Confused by all the types of yoga styles there are? Yeah I feel ya, there are a ton to choose from and so many benefits can be reaped from each one. What you can and should do, is find a style of yoga and stick to it — starting from the basics of understanding proper body alignment, knowing which muscles to engage and which ones you’re working, and how to properly increase the intensity of your flow as you progress through your practice.
If you’re reading this, you’re either a beginning yogi who is interested in learning basic movements to develop into a practice (see my post on 5 Key Yoga Poses to Do Everyday) or you’re an intermediate yogi wanting to define your practice into a specific yoga style. And if you’re neither one of those, well hi anyways and welcome to understanding yoga styles 101 🙂
Pretty much every form of yoga taught in the West is Hatha yoga, which refers to any type of yoga that teaches physical postures. Basic, right? When a class is marketed as “hatha”, it generally means that you will get a basic introduction to the most basic yoga postures such as downward dog, tree pose, sun salutation, etc. You probably won’t work up a sweat in a hatha yoga class, but you should end up leaving class feeling longer, looser, and more relaxed.
Oh this style is SO challenging to master. It’s physically demanding, one of the hardest, and will make you question whether or not you even have muscles. It uses a series of poses that are done in a precise order and is designed to get more difficult over time, while increase your strength and muscle endurance. Ashtanga yoga is often referred to as “power yoga” in the West, however it is not the same as a power yoga class (though power classes sometimes borrow Ashtanga poses). Authentic Ashtanga yoga follows a specific system that slowly acclimates the body to more difficult poses through progressive endurance, and is for intermediate to advanced yogis.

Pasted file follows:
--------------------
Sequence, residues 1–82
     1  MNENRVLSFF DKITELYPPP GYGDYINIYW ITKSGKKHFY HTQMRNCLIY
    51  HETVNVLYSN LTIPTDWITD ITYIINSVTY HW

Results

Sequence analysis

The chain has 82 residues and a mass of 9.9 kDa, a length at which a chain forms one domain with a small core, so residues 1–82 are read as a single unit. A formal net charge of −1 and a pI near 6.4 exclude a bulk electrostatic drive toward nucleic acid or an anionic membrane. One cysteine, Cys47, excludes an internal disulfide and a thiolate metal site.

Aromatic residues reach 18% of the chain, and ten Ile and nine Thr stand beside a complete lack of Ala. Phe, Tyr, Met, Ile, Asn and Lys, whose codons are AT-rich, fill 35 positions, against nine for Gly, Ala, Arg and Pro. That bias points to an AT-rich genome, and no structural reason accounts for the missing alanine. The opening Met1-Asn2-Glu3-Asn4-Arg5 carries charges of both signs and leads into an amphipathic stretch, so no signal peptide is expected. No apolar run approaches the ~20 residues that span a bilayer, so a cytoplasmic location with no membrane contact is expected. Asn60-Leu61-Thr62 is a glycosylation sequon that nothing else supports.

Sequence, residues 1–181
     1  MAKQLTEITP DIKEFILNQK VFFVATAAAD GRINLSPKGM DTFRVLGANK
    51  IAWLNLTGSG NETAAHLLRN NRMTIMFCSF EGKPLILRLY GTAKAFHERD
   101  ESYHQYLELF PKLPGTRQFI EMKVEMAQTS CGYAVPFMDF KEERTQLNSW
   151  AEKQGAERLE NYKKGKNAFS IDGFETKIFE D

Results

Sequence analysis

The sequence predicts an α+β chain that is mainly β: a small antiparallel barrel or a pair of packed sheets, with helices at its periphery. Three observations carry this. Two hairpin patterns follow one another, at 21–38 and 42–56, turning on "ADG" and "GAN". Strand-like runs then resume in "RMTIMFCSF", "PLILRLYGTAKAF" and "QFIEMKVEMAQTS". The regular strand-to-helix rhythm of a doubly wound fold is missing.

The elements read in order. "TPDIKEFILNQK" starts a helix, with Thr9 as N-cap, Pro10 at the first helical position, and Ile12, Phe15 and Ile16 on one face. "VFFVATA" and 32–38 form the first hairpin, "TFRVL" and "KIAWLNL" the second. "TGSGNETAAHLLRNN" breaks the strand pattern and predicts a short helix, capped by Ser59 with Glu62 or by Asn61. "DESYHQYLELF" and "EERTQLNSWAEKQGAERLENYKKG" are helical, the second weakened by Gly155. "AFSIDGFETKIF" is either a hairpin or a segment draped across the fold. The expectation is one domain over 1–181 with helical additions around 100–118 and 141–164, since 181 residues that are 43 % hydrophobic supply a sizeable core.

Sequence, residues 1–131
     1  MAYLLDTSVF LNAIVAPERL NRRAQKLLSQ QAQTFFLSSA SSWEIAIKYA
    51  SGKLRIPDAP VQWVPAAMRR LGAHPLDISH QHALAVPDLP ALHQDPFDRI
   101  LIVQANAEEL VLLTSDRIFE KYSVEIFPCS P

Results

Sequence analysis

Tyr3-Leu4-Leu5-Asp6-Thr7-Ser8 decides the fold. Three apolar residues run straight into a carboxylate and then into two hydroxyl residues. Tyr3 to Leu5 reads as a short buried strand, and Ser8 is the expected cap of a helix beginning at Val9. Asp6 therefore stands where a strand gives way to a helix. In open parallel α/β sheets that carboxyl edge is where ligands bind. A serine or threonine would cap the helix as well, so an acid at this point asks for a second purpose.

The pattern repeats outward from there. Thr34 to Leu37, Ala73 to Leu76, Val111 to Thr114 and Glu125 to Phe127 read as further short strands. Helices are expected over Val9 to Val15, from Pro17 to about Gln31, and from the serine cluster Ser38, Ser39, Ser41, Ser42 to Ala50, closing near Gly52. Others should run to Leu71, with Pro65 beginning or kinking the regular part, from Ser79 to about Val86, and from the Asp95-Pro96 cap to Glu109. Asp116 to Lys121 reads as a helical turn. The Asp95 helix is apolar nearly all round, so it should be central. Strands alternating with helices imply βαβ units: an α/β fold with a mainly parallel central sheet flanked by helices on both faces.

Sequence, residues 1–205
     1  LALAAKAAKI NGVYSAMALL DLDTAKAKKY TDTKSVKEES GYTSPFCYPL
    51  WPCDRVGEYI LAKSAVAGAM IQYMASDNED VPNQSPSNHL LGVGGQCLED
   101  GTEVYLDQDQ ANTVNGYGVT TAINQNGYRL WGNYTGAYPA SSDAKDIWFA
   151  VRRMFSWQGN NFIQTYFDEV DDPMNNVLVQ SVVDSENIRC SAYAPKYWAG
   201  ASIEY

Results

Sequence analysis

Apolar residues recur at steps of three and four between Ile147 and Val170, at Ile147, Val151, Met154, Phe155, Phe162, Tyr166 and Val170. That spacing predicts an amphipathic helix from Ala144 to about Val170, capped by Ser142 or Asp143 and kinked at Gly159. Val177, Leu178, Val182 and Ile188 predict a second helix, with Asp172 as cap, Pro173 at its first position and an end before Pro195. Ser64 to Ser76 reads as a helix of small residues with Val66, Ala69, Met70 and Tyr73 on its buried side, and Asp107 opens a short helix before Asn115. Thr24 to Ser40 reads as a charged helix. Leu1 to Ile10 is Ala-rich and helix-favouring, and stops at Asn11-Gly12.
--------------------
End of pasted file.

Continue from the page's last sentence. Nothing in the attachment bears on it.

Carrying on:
Like Ashtanga yoga, Bikram follows a specific series of poses, but is done in a H O T room. Why?
SO YOU SWEAT OUT ALL YOUR WEAKNESSES AND SUBMIT TO THE HEAT GOD to burn more calories, of course 🙂 Sometimes I joke to myself that I’m doing a solo Bikram class in my house when I practice because we don’t have AC…..
If you’re going to teach or take any type of yoga style, Iyengar should be top choice due to the fact that this style holds proper alignment and posture in poses at the highest level of importance. This style uses a variety of fun yoga props like blocks, straps, blankets, etc. to ensure that proper alignment is being taught and learned. Why would you even do yoga if you’re not going to bother learning and teaching the fundamentals of proper alignment! 😉
Probably the second most popular form of yoga next to bikram, combining fluid poses that flow into one another with music. This style is very relaxing and can be similarly challenging to Ashtanga practice, depending on how hardcore your instructor is (one-legged dog to handstand to chaturanga dandasana, anyone? Oof).
Now that you’re aware of all the different yoga styles there are, which one are you going to commit to? By deciding to stick to one style at a time, you are teaching your body how to move and grow in movement and flexibility, as well as disciplining yourself to engage with one type of yoga rather than a bit of all types. I mean you can totally incorporate a hot yoga class into your practice once a week if you’re sticking to Vinyasa for example, there’s no rule against that 😉 But it’s best to pick the one style that works best for your body NOW, and grow in it. Later, you can build upon your practice and transition into another style if you want.
Personally in my own practice, I began with Iyengar (like I said, best one to start with), transitioned to Vinyasa once I was confident in my alignment, and am now working my way through Ashtanga to challenge myself and build upon my practice.